Agriculture by region in Chile (Recommend)
2015-01-05 Source: Wikipedia
Agricultural land is divided into by five regions in Chile
The Norte Grande region covers most of Atacama Desert and its crop agriculture is contracted around small oases such as Pica (Chilean name forKey lime is Limón de Pica) and Pozo Almonte. The use of water from Loa River and other streams is limited due to contamination with heavy metals from the mining industry. Some minor substistence agriculture is practised in Loa River. Recently these waters are being used for growing non-edible plants such as flowers. In Norte Grande's Puna plateau indigenous Aymaras practise traditional llama and alpaca herding.
Norte Chico has a semi-arid climate that limits agriculture to the Transverse Valleys, namely; Choapa, Copiapó, Elqui, Limarí and Aconcagua. Most agriculture here is dependent on irrigation. Norte Chico is known for its production of grapes for Pisco and papayas. Other crops cultivated include olives and avocados.
Zona Central is Chile's agricultural and cultural heartland. With its mediterranean climate Zona Central hosts the largest part of the country's wine regions. Most of Chile's premium wine regions are dependent on irrigation to sustain vineyards, the necessary water formed by melting snow caps in the Andes. In the developing wine regions along the Coastal Ranges and in the far south, there is not a lack of needed rainfall but vineyards owners have to deal with other factors such as the Humboldt Current from the Pacific which can bathe a vineyard with a blanket of cool air. For the rest of Chile's wine regions, the Coastal Ranges serve as a buffer from the current and also act as a rain shadow. The vineyards in these regions are planted on the valley plains of the Andes foothills along the major rivers such as the Maipo, Rapeland Maule Rivers.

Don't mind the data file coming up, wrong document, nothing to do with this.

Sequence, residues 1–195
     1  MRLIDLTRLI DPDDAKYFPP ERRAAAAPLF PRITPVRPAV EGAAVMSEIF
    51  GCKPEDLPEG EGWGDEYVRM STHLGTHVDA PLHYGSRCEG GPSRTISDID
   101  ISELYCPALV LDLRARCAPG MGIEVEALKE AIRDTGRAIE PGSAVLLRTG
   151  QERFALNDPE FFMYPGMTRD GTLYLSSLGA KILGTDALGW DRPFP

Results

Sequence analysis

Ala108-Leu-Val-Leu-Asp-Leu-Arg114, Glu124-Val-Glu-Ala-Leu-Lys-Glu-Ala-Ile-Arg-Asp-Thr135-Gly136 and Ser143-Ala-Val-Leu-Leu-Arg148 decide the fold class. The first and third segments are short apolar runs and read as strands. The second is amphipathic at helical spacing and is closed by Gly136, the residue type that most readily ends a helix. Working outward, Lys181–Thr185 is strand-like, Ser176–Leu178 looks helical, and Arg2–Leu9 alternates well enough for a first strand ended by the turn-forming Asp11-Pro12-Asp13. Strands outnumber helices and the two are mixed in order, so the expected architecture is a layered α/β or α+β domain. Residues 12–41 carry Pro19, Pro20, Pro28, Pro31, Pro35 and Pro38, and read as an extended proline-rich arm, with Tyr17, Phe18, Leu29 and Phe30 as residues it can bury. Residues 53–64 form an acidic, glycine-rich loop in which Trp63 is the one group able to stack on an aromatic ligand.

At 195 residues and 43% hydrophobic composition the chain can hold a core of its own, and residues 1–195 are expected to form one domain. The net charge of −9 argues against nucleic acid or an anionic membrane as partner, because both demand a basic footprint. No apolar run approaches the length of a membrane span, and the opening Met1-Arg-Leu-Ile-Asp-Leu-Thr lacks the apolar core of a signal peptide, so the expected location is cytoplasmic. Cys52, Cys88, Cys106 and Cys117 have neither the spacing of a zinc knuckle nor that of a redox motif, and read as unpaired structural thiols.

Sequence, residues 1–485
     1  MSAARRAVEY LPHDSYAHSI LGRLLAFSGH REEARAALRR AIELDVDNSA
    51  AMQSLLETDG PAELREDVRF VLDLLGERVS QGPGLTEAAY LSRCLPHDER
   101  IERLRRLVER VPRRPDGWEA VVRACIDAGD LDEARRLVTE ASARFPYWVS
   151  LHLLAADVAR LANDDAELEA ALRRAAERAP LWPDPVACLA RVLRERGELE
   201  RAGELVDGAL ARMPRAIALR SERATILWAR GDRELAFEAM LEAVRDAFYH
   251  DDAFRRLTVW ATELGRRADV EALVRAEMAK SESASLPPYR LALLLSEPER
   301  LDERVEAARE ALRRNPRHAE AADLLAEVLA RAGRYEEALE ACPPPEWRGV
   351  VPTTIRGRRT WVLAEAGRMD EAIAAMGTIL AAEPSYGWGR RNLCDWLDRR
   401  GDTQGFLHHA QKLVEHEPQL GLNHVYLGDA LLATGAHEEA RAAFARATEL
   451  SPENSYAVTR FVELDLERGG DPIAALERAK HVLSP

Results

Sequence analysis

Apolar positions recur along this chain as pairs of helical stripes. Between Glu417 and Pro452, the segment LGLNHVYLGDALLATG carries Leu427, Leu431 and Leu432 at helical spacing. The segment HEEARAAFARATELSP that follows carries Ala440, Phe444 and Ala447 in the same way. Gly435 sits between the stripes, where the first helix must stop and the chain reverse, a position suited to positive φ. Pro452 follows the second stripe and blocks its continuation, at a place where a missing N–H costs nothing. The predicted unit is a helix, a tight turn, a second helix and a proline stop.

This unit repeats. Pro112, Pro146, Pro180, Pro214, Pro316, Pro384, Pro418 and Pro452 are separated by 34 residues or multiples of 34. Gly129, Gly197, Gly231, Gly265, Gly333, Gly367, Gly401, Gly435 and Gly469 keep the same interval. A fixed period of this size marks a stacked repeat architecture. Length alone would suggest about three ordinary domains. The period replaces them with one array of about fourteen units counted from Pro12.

Aquacultre installations in southern Chile.
Aquacultre installations in southern Chile.Wheat cultivation, cattle farming, silviculture and salmon aquaculture are the main agricultural activities of Zona Sur. In northern Zona Sur Araucania Region was known until recently as "Chile’s granary". Wheat in Araucanía continues to be the main crop; however, production of oats and lupine has increased significantly. While the area devoted to traditional crops and natural pasture has tended to shrink in Araucanía, there has been an increase in artificial and improved pasturelands. This supports a substantial mass of livestock, including beef cattle, swine, sheep, and horses, and abundant production of milk and by-products.Salmon aquaculture is Los Lagos Region largest source of jobs and main export industry. Nearly all of Chiles and much of the southern hemisphere blue berry and cranberry productions is concentrated in Zona Sur.
Lambs in Tierra del Fuego.
Lambs in Tierra del Fuego.In Zona Austral sheepherding is a major industry since the 19th century. In Magallanes Region only, there is an estimate of 1.5 and 2 million sheep distributed among 300 farmers as of 2006. Exotic species likereindeers have been introduced in recent years. Agriculture in the north-western parts of Zona Austral (Aisén, Chiloé and Palena) focuses on aquaculture and silviculture and is similar to that of Zona Sur.
Evidence ranging from historical records, local agriculturalists, and DNA analyses strongly supports the hypothesis that the most widely cultivated variety of potato worldwide, Solanum tuberosum tuberosum, is indigenous to Chiloé Island and has been cultivated by the local indigenous people since before the coming of the Spanish.